The Relationship between Illegal Drugs and Violence: Is There a Cause and Effect?

The recent drug-associated violence on the Mexico side of the Mexico-U.S. border, the “narco-terrorism” in Colombia during the late 1980s and 1990s, and the tales of the prohibition era in the United States are all examples of criminal organizations that fight either against each other or against the state and cause an inordinate amount of cruelty, violence, and death.

These and other episodes have led most people to conclude that “drugs cause violence” and therefore “to end violence on the Mexican border we have to eliminate illegal drugs.” These assertions imply that drugs and violence are intimately linked. But, is it true?

The Relationship of Drugs and Drug-Related Violence

Drugs and drug-related violence do not overlap in either time or space: “Even without the protection of the state and courts, illegal drug markets are generally peaceable. However, occasionally specific markets exhibit high levels of violence” (Reuter 2009: 275). Mexico for example, has had drug trafficking for a century, and while there were individual cases of murder associated with drugs, the illegal drug industry was relatively peaceful. Only in the last decade has it become extremely violent. Until the late 1990s, the share of the illegal drug sector in the Gross National Product (GDP) was significantly higher in Bolivia and Peru than in Colombia, but drug-associated violence was very high in the latter and very low in the former two (Thoumi 2003). During the last decade, illegal drug income has accounted for about one-third of Afghanistan’s GDP, but drug-associated violence has been remarkably low.

The empirical evidence shows clearly that there is no direct “cause and effect” relationship between drugs and violence. In other words, when there are very large, easy to obtain illegal drug profits, it is not “natural” that people kill each other for them.

In both Colombia and Mexico, one frequently hears claims such as: “Drug legalization is the only solution” because “when there is demand, there will always be a supply.” There is no doubt that if there were no demand, there would be no supply, but if demand would be the determining factor for production, then every country where coca and poppy could grow would be growing them, and every country where cocaine and heroin could be refined and trafficked would be doing so. The map of illegal drugs shows a very high concentration in production. All coca and cocaine are produced in only three countries: Colombia, Peru, and Bolivia. Three countries produce 95 percent of opium poppy and heroin: Afghanistan, Myanmar, and Laos, and if Mexico and Colombia are thrown in, it becomes 99 percent.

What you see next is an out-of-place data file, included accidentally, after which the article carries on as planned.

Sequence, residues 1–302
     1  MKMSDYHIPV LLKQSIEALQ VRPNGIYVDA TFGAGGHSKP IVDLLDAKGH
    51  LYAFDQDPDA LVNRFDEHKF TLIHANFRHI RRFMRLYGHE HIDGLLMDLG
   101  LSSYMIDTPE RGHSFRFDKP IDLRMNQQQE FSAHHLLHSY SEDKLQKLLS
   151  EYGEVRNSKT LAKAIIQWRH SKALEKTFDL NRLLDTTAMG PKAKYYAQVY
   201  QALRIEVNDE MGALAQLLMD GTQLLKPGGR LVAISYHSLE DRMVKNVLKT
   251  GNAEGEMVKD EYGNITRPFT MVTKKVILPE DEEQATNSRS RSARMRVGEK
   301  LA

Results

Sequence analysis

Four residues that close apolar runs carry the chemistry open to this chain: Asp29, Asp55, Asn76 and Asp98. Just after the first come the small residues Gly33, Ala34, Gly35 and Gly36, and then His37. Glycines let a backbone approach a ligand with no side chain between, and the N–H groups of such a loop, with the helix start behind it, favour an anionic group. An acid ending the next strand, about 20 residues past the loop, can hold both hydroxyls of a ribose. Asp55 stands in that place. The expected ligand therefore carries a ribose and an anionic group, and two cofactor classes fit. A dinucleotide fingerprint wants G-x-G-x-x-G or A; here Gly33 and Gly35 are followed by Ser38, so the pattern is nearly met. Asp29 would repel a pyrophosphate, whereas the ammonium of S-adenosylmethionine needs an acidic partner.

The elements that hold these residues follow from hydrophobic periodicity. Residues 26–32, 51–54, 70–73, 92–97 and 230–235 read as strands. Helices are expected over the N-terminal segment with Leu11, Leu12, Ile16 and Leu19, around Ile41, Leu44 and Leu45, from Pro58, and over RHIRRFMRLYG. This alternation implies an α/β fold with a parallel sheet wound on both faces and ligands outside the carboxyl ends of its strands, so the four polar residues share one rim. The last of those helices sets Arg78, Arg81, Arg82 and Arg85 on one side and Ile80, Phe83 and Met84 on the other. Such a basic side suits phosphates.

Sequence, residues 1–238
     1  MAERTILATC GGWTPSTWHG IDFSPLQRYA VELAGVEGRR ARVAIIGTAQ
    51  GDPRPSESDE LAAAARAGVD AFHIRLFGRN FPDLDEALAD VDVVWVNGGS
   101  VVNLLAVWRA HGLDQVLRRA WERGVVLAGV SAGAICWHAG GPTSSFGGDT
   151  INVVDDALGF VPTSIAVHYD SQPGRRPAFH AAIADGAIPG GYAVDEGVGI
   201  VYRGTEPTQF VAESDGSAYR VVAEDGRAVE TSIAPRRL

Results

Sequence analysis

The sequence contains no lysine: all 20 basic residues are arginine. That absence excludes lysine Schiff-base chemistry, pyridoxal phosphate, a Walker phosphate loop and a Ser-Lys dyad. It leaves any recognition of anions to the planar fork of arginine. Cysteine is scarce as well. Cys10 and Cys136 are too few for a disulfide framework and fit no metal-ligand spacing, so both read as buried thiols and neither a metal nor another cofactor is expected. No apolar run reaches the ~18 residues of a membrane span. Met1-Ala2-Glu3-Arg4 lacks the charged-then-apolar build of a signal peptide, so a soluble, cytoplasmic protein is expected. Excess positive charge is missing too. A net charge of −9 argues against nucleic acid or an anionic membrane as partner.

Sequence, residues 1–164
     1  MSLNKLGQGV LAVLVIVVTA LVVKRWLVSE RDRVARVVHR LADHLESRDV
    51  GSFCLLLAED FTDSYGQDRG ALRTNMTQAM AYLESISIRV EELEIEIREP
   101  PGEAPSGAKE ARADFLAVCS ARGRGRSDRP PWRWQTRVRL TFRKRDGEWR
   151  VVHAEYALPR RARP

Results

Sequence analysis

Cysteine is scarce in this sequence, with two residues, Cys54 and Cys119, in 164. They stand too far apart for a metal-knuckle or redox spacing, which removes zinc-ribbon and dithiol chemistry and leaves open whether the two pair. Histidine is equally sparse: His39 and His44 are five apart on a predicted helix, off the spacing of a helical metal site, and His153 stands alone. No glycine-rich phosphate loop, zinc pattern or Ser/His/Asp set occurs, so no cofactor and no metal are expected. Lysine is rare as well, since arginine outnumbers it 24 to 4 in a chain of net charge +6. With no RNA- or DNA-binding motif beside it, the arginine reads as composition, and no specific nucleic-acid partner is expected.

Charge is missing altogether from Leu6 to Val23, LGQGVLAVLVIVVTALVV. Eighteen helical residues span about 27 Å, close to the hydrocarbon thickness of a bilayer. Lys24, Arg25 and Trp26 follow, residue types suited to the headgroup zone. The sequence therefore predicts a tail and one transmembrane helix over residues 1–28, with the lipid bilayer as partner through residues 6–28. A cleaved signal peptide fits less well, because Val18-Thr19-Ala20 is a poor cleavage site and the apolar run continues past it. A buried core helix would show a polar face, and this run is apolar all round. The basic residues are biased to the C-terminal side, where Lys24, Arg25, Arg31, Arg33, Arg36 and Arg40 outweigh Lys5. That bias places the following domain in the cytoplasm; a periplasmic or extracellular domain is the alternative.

There is no market theory that can explain this extreme concentration. Why does Colombia face much more competition in the international coffee markets than in cocaine, and why does Mexico have more competition in clothing manufacture than in heroin? In Mexico many argue that the country’s location halfway between Colombia and the United States is the reason for its involvement in drug trafficking. This is reminiscent of similar explanations in Colombia in the 1980s: the country was halfway between Bolivia and Peru to the south and the United States to the north. Location matters, of course, but being a transit country does not imply that the nationals of that country should dominate the trafficking networks.

The concentration shown by the maps of drugs and violence forces the observer to seek domestic explanations, for example, what do Colombia and Mexico have that has resulted in their dominance of some international drug markets, and why in those markets is there or has there been so much violence?

Factors Promoting Crime and Illegal Drugs